Emulated Onewire DS18b20 unable to be read by Teltonika FM1120 device

Hi,

I am currently working on making an emulated temperature sensor (DS18B20) by using arduino uno. I found a library that seems to work.

The emulated sensor can be read when it is connected to another arduino with a code that reads onewire devices. Below is the code:

#include <OneWire.h>

// OneWire DS18S20, DS18B20, DS1822 Temperature Example
//
// http://www.pjrc.com/teensy/td_libs_OneWire.html
//
// The DallasTemperature library can do all this work for you!
// http://milesburton.com/Dallas_Temperature_Control_Library

OneWire  ds(15);  // on pin 10 (a 4.7K resistor is necessary)

void setup(void) {
  Serial.begin(9600);
}

void loop(void) {
  byte i;
  byte present = 0;
  byte type_s;
  byte data[12];
  byte addr[8];
  float celsius, fahrenheit;
  
  if ( !ds.search(addr)) {
    Serial.println("No more addresses.");
    Serial.println();
    ds.reset_search();
    delay(250);
    return;
  }
  
  Serial.print("ROM =");
  for( i = 0; i < 8; i++) {
    Serial.write(' ');
    Serial.print(addr[i], HEX);
  }

  if (OneWire::crc8(addr, 7) != addr[7]) {
      Serial.println("CRC is not valid!");
      return;
  }
  Serial.println();
 
  // the first ROM byte indicates which chip
  switch (addr[0]) {
    case 0x10:
      Serial.println("  Chip = DS18S20");  // or old DS1820
      type_s = 1;
      break;
    case 0x28:
      Serial.println("  Chip = DS18B20");
      type_s = 0;
      break;
    case 0x22:
      Serial.println("  Chip = DS1822");
      type_s = 0;
      break;
    default:
      Serial.println("Device is not a DS18x20 family device.");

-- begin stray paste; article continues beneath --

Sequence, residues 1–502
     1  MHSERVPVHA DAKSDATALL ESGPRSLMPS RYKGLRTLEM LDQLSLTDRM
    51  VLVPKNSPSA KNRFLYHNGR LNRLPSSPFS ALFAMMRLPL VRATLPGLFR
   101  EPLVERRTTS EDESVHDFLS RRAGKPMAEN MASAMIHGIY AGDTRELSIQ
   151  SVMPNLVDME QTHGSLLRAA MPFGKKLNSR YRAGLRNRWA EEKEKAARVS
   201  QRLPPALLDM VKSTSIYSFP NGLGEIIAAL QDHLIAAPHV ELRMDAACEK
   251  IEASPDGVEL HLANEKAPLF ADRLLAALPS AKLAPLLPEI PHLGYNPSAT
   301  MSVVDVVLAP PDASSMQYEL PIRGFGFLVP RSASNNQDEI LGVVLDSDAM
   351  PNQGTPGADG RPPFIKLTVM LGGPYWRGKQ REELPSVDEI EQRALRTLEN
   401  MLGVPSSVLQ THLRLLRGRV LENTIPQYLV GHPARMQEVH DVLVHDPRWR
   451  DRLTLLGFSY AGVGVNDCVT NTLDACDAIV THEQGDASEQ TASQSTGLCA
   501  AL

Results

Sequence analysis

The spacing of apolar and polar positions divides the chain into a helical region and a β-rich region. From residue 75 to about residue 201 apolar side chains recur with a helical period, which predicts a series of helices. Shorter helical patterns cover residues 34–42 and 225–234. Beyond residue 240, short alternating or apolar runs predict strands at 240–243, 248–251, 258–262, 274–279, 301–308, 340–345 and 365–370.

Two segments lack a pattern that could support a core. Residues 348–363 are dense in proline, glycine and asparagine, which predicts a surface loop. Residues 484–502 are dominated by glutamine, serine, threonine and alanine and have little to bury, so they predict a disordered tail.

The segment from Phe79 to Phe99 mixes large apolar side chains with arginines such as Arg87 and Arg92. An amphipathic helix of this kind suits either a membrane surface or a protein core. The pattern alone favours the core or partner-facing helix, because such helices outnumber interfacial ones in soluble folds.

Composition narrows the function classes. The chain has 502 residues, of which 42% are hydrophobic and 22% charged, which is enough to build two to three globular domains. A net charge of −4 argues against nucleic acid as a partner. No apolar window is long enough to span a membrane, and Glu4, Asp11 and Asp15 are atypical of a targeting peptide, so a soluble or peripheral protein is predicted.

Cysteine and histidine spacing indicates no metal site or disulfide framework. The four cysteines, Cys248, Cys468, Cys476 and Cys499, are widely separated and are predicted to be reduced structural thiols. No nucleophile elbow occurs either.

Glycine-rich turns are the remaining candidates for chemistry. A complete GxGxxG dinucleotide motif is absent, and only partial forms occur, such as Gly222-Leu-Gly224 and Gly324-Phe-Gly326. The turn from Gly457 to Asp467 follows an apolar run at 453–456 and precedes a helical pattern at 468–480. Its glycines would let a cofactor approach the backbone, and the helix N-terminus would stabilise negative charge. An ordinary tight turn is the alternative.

return;
  } 

  ds.reset();
  ds.select(addr);
  ds.write(0x44, 1);        // start conversion, with parasite power on at the end
  
  delay(1000);     // maybe 750ms is enough, maybe not
  // we might do a ds.depower() here, but the reset will take care of it.
  
  present = ds.reset();
  ds.select(addr);    
  ds.write(0xBE);         // Read Scratchpad

  Serial.print("  Data = ");
  Serial.print(present, HEX);
  Serial.print(" ");
  for ( i = 0; i < 9; i++) {           // we need 9 bytes
    data[i] = ds.read();
    Serial.print(data[i], HEX);
    Serial.print(" ");
  }
  Serial.print(" CRC=");
  Serial.print(OneWire::crc8(data, 8), HEX);
  Serial.println();

  // Convert the data to actual temperature
  // because the result is a 16 bit signed integer, it should
  // be stored to an "int16_t" type, which is always 16 bits
  // even when compiled on a 32 bit processor.
  int16_t raw = (data[1] << 8) | data[0];
  if (type_s) {
    raw = raw << 3; // 9 bit resolution default
    if (data[7] == 0x10) {
      // "count remain" gives full 12 bit resolution
      raw = (raw & 0xFFF0) + 12 - data[6];
    }
  } else {
    byte cfg = (data[4] & 0x60);
    // at lower res, the low bits are undefined, so let's zero them
    if (cfg == 0x00) raw = raw & ~7;  // 9 bit resolution, 93.75 ms
    else if (cfg == 0x20) raw = raw & ~3; // 10 bit res, 187.5 ms
    else if (cfg == 0x40) raw = raw & ~1; // 11 bit res, 375 ms
    //// default is 12 bit resolution, 750 ms conversion time
  }
  celsius = (float)raw / 16.0;
  fahrenheit = celsius * 1.8 + 32.0;
  Serial.print("  Temperature = ");
  Serial.print(celsius);
  Serial.print(" Celsius, ");
  Serial.print(fahrenheit);
  Serial.println(" Fahrenheit");
}

However, when it is connected to Teltonika FM1120 device’s onewire data pin ( pin 8 ) together with common ground, it does not show any readings at the server.

http://plantron.gr/sites/plantron.gr/files/pdf/FM1120%20User%20Manual%20v1.12.pdf

Below is my emulated sensor code:

#include "OneWireHub.h"